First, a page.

Tackling the market in St Tropez in July is something I could do without. I had not been there at that time for at least 20 yrs and could not believe the change, in fact saddened by the change as it appeared to have lowered its standard and the fruit and vegetables stands were nothing like they had been. But saying that I still did manage to buy some wonderful things at wonderful prices and had to fight my way back to the port loaded up with bags on shoulders filled with wonderful breads, berries, other fruits and vegetables and a granny trolley filled to the brim. I am not sure the holiday makers in St Tropez really enjoyed having to tackle me on the narrow walkways or pavements as I lugged everything back down to be picked up by the tender. Lobsters at the market were brought back for dinner that night so I prepared a feast whilst the guests enjoyed an afternoon in the sun.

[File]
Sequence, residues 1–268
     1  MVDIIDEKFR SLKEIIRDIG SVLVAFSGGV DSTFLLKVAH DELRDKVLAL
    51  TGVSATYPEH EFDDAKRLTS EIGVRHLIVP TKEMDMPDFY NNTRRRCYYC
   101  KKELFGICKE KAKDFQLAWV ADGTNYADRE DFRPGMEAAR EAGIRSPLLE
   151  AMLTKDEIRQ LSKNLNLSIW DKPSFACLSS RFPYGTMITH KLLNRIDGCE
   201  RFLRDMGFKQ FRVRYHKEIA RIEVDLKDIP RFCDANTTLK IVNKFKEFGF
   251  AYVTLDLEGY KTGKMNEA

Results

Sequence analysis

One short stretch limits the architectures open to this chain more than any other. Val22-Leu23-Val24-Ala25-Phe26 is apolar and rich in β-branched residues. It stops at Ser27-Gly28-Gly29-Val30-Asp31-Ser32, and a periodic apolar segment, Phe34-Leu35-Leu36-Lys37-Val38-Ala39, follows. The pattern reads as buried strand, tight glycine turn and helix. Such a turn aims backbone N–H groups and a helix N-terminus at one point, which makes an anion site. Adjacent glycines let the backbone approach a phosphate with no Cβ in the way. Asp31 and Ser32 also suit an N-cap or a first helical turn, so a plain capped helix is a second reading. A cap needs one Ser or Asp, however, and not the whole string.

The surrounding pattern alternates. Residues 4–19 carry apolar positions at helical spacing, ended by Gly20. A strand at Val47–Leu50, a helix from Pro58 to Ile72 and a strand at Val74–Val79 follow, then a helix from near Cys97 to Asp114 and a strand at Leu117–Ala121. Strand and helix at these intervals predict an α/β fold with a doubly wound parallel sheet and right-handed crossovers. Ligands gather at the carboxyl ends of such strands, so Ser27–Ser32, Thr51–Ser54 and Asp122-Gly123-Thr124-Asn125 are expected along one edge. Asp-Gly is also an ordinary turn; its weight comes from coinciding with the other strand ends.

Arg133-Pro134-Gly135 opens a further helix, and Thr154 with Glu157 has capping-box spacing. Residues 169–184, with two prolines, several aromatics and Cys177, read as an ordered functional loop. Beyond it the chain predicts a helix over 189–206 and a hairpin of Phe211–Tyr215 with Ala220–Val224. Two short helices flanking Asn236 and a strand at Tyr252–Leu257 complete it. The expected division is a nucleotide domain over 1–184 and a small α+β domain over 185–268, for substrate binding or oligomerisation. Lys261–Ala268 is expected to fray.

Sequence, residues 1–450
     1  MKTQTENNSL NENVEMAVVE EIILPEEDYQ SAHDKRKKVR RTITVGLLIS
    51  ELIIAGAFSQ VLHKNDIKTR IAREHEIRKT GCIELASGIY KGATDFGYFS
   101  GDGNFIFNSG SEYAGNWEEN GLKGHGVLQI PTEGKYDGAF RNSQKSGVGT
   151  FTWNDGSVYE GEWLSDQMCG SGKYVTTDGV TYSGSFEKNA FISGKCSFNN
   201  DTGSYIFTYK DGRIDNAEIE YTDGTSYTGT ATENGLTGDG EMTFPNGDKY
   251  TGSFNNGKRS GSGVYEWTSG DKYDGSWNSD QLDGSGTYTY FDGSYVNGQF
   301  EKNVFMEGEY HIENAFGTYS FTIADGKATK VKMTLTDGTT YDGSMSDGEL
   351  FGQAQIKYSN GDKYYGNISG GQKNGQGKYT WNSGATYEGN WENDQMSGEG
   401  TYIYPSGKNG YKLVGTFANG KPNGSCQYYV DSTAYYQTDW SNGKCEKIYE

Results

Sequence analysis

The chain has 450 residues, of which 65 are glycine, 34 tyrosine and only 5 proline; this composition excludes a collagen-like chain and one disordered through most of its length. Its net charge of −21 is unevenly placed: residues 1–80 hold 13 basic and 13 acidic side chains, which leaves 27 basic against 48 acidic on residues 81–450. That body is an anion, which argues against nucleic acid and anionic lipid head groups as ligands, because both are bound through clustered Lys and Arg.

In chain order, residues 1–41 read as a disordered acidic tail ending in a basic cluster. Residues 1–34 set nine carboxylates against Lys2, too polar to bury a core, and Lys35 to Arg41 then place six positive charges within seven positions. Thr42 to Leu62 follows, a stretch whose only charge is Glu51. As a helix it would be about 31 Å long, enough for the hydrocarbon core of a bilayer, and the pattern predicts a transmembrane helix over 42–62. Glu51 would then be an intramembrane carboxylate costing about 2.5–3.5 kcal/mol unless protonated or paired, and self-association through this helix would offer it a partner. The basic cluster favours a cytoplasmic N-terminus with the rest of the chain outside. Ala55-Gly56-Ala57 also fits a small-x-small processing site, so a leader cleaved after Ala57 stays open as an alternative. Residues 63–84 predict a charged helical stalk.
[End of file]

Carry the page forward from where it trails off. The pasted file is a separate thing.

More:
From France we headed back to Italy to start out regatta preparations. We did our regatta preparations in La Spezia this year as sadly our place in Isola da Maddelena was closed, so we worked with others during Ferragosta the big Italian summer holiday, prepping up the boat, emptying her of all unnecessary items, sails, dinghies etc that we do not need whilst racing and hit Sardenga with a bang for the Maxi Rolex Cup. A whirlwind of crew, food, racing, parties etc for 10days exhausts me but I love it as we pushed ourselves and came in 2nd in our class which was fantastic.

wrap a regatta up..!

wrap a regatta up..!

Banoffee whoopee pies

Banoffee whoopee pies